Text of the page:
Thursday, December 30, 2010

The Gene Tree, Haplogroups

Haplogroups are defined by their single nucleotide substitution called a SNP (snip). [single nucleotide polymorphism] Those in the know [researchers who have established the system of naming [nomenclature] have assigned an English alphabetical system starting with the letter A. This haplogroup is felt to be the oldest genome surviving since our earliest days. The figure to the right is my attempt at showing a "big picture" of this classification system. The dates generally believed to be starting points for each branch of this gene tree are given along the top ridge for each haplogroup. More than 60,000 years ago the human race is believed to have shared a common genetic message. At around 50,000 years ago the human genome started to branch, giving rise to several new DNA messages. Down through the ages, each branch developed a new haplogroup, passing its single nucleotide polymorphism down to the next generations. As time passed, these branches became the roots of our ethnic and cultural family groups. My JONES DNA is haplogroup R1b, believed to have branched from haplogroup R1 some 25,000 years ago. It was around this time that the earliest human burial has been described on the island that was to become my family's home. [The "Red Lady of Paviland" on the Gower Peninsula.] What a deal!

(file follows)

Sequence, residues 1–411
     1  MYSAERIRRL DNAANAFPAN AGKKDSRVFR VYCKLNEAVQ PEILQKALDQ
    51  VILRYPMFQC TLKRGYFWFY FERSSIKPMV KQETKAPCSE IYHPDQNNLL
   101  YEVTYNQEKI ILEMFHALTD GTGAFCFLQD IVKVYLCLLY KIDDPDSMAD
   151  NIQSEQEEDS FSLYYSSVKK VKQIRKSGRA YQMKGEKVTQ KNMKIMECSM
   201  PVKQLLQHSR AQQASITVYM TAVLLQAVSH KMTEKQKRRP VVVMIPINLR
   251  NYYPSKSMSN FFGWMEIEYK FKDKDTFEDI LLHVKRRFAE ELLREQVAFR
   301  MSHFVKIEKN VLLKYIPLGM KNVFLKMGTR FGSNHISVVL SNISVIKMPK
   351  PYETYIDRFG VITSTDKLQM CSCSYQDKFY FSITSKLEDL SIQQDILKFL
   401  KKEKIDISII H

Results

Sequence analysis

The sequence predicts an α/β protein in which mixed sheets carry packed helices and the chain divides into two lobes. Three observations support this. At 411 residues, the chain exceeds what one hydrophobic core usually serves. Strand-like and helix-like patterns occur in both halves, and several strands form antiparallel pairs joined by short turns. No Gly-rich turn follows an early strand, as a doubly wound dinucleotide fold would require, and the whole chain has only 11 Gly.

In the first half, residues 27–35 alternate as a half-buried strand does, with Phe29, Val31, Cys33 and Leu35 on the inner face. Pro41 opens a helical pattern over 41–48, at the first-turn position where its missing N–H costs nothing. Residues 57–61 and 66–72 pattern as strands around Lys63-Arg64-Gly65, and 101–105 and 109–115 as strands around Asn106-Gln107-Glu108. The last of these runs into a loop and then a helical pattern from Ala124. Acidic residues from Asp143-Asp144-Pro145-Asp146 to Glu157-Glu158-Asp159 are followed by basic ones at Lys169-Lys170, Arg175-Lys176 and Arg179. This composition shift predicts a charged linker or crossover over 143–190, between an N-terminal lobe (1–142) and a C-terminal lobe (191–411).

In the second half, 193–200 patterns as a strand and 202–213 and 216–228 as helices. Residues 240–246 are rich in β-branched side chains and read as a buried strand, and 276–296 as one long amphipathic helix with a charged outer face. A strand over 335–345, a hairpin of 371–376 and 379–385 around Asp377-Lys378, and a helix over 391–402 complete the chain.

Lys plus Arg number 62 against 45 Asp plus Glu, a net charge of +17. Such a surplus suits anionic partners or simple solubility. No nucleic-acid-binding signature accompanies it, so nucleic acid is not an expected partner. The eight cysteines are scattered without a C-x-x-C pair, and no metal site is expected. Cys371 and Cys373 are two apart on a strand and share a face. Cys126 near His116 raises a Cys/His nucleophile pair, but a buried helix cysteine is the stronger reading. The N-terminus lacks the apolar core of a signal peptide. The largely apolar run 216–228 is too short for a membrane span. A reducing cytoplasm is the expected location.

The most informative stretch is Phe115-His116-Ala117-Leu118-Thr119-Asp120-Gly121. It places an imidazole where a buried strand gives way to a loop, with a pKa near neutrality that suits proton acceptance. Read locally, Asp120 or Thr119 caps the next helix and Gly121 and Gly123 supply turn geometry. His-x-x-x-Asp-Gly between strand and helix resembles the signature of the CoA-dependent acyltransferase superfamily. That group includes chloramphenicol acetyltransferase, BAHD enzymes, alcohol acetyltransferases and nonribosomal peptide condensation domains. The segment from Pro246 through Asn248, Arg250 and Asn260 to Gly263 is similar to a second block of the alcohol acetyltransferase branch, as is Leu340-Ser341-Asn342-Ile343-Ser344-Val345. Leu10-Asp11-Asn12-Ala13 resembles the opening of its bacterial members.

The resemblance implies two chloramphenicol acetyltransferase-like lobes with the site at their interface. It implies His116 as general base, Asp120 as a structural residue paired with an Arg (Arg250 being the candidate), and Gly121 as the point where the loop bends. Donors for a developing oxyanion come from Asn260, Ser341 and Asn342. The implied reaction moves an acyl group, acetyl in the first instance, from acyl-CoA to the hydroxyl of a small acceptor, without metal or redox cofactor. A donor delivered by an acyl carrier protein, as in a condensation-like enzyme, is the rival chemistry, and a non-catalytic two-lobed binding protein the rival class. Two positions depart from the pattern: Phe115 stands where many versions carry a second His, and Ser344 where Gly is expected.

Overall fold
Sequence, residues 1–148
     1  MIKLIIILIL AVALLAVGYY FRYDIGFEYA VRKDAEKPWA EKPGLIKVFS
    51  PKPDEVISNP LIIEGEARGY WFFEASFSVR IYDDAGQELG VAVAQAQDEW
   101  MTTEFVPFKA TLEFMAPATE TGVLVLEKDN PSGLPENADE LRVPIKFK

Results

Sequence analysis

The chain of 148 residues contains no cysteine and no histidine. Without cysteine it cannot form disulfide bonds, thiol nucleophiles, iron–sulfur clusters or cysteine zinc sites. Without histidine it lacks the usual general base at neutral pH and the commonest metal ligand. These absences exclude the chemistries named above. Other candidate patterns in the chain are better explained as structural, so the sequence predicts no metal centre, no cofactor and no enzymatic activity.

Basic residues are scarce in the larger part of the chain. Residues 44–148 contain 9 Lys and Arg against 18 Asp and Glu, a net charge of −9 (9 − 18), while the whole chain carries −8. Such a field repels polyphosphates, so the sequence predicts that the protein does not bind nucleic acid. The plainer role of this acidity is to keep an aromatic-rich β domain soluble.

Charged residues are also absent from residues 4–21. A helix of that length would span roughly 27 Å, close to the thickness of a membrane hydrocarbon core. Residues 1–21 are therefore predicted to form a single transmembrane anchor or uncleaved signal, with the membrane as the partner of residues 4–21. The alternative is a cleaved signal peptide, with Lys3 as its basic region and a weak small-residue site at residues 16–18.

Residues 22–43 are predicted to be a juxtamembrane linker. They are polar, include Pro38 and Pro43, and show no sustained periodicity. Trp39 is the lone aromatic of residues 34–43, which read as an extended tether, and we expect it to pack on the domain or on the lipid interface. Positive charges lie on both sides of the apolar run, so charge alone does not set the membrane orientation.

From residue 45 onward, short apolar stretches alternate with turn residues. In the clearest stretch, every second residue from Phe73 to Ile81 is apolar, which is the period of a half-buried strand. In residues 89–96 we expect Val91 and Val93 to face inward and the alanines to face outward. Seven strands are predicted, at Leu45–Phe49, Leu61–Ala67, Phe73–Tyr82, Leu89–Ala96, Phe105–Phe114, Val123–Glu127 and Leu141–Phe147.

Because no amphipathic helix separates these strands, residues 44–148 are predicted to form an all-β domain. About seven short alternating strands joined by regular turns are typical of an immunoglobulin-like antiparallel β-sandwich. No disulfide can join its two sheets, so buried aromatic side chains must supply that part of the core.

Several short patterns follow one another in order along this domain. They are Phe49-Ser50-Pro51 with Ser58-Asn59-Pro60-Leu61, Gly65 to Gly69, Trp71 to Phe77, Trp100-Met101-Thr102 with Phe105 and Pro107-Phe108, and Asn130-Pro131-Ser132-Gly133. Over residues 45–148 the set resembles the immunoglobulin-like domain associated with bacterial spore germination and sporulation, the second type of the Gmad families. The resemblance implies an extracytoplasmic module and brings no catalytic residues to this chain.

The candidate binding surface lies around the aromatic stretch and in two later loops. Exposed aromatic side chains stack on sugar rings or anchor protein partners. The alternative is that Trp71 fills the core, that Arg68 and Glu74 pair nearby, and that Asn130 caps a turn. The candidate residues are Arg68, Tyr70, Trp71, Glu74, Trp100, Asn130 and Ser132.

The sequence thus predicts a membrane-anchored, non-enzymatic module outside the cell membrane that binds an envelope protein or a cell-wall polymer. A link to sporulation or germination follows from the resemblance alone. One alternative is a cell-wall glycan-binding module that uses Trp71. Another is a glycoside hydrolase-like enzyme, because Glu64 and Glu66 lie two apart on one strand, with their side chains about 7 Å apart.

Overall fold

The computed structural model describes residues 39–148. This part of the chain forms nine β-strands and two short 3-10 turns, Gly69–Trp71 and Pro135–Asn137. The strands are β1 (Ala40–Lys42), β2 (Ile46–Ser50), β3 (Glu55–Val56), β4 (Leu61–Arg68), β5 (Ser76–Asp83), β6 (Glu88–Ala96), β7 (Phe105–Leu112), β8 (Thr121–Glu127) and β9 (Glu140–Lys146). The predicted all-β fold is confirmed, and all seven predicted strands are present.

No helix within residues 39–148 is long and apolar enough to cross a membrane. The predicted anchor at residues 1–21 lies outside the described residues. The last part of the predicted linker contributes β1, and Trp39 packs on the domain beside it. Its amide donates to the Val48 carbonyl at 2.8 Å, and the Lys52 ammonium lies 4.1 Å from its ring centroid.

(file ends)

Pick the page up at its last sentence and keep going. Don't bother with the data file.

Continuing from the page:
1. Thanks for the time you took to put together this graphic. I find it much easier to visualize this way.

  2. E1b1b is closer to 25,000 - 28,000 years old. See Underhill, Cruciani, Hammer, etc. or just check the Wiki entry. the next downstream SNP (E1b1b1) is over 22,000 years old.